Sent: Tuesday, May 30, 2006 6:09 PM
To: TeacherArtExchange Discussion Group
Subject: [teacherartexchange] Need to make a decision

First off, I'd like to thank everyone on this list for all of their
support,
wonderful advice and lessons this past year. It helped me tremendously
during
my first year of teaching. I plan on getting some of my lessons
together
with photos to share with you all this summer.

So, I made it. I survived my first year of teaching. It definitely was
the
biggest challenge I've taken on, besides running a marathon, in my life.

Actually, it was much tougher than the marathon, but I survived both. I
am
exhausted and have been cleaning out my room all day. At the end, I
said goodbye to
a few teary eyed students, received some sweet gifts and cards and felt
relief at the departure of others. I had my art show last week, which
was a
terrible decision...never again will I do one the last week of school.
Last week
was such a whirlwind and nightmare that I don't even know what happened.
I
never had time to stop, never had a chance to take a moment to reflect
or to say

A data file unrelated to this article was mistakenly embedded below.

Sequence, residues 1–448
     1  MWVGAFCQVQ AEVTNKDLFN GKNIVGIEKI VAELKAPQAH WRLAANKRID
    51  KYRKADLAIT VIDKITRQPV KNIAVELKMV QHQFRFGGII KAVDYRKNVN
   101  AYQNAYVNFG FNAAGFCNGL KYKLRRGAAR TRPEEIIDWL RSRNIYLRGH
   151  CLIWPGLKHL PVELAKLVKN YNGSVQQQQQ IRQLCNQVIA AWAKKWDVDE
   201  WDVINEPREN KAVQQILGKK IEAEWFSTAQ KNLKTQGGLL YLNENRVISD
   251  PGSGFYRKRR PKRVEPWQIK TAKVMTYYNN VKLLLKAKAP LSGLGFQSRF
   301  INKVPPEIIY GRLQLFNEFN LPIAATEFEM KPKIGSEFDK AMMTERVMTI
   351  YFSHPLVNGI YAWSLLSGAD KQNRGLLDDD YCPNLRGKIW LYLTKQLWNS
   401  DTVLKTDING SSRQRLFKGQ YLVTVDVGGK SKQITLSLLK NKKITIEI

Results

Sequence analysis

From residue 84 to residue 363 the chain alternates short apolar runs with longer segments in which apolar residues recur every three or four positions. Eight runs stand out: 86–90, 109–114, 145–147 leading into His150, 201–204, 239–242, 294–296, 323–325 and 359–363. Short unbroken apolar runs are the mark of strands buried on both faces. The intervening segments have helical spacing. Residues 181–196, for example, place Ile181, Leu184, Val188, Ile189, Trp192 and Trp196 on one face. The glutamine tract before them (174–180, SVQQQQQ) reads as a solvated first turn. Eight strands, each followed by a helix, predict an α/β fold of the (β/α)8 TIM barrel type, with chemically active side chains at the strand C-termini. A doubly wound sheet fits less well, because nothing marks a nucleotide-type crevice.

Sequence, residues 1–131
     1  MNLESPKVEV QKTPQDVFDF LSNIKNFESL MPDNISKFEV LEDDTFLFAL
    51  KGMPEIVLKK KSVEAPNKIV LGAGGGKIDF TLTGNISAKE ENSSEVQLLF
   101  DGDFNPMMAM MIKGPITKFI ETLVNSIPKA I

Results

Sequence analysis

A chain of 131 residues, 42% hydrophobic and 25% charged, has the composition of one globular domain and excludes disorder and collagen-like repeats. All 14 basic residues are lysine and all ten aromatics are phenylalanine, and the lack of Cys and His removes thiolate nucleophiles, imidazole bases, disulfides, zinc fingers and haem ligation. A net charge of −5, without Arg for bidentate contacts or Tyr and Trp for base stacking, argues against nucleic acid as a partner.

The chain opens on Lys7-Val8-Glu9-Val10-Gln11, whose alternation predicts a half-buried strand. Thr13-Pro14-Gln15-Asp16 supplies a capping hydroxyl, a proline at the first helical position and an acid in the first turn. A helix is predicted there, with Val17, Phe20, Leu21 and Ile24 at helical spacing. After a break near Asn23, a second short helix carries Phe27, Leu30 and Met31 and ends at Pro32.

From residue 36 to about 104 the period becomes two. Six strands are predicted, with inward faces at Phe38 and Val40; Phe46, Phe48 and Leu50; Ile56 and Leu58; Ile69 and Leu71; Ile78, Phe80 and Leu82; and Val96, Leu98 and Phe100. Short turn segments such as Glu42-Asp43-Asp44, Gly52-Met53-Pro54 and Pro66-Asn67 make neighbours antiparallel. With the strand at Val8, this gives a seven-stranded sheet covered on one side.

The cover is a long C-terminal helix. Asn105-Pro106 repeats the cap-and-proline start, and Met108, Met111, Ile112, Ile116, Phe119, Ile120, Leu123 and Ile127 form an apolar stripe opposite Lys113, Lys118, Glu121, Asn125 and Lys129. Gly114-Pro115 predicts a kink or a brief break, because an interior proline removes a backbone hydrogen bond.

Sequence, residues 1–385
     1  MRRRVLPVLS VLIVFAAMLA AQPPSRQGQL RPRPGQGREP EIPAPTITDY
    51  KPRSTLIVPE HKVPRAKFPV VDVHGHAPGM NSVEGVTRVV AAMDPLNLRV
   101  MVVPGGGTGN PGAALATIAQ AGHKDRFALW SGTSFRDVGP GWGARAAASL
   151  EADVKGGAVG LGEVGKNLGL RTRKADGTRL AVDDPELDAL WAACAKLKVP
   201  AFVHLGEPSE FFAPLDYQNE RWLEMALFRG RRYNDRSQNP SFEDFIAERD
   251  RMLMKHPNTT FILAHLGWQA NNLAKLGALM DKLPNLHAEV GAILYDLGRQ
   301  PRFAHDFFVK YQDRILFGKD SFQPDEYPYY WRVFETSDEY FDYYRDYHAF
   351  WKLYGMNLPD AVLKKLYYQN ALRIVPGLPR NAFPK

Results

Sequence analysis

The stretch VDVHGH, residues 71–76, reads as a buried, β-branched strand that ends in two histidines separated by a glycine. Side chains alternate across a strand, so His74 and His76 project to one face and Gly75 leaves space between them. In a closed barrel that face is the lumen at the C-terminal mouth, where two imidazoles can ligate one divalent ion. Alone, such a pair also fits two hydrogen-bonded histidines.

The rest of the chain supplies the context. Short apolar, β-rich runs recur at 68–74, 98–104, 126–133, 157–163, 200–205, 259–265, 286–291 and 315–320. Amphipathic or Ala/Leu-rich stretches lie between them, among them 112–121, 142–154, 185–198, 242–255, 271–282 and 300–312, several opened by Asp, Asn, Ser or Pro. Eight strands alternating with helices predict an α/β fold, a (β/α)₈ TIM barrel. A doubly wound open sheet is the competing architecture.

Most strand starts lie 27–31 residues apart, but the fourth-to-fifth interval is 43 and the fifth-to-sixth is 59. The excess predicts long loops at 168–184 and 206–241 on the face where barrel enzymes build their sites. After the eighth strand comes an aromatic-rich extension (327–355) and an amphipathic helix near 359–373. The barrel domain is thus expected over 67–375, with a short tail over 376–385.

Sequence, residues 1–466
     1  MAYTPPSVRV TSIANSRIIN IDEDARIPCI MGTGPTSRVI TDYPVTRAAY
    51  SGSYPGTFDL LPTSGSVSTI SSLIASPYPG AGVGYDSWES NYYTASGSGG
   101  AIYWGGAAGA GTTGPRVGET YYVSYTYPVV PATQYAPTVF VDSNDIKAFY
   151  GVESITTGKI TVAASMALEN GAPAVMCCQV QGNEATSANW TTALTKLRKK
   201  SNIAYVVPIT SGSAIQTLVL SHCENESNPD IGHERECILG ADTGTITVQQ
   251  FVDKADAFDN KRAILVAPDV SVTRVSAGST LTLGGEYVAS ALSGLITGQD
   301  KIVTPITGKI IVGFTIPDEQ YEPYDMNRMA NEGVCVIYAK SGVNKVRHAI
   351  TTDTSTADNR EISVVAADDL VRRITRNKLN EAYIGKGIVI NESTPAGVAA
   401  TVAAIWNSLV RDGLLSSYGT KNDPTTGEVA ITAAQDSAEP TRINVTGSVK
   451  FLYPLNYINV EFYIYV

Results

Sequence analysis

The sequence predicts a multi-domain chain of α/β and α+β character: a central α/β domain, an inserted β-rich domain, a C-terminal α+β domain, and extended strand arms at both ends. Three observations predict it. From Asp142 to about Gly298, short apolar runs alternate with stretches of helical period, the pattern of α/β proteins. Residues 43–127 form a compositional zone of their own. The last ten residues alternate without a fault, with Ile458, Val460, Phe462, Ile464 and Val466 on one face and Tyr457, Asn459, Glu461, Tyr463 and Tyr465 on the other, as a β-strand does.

proper goodbyes to some of the students I actually will miss. It went
though,
over 200 pieces of art. I tried so hard to make it perfect, and there
simply
was not enough time. It did look beautiful though. I only wish I had
had the
time to enjoy it.

So, now I am faced with a tough decision for next year. I have been
informed
that I need to decide on elementary or middle school for next year. I
was
leaning toward elementary after realizing that those students appreciate
me so
much more than the older ones. They actually look forward to my class,
and I
found out that I was able to teach them more. They had a general
interest in
art and even learning about artists. Well, here's the catch. If I take

elementary, I lose my room. I'll be on a cart traveling from room to
room. Many
rooms don't have sinks, so that will definitely limit my projects. If I
take
middle, I get to keep my room, but I will have to deal with all of those
bad
attitudes and the students who don't want to take my class. I'm really
torn. I'm
trying to figure out which will be a better situation for me in the end.
Of
course, I'm going to put out my resume just in case another opportunity
pops
up, but I'm feeling pretty low. I don't want to give up my room. I
hate the
thought of having to share it with another teacher. It's already so
small, and
I like to set it up and have my art library and play my music...but I
really
don't know if I can learn how to deal with the middle schoolers in a
more
effective manner next year. They are so disrespectful and have no
desire to
learn. About five of them failed my class, and I had to really work at
passing
five others. Many of them failed the entire year because they have no
motivation
whatsoever. I'm torn! What would you do?

Thanks again,

Stacie d'Albenas

---
To unsubscribe go to 
http://www.getty.edu/education/teacherartexchange/unsubscribe.html
---
To unsubscribe go to 
http://www.getty.edu/education/teacherartexchange/unsubscribe.html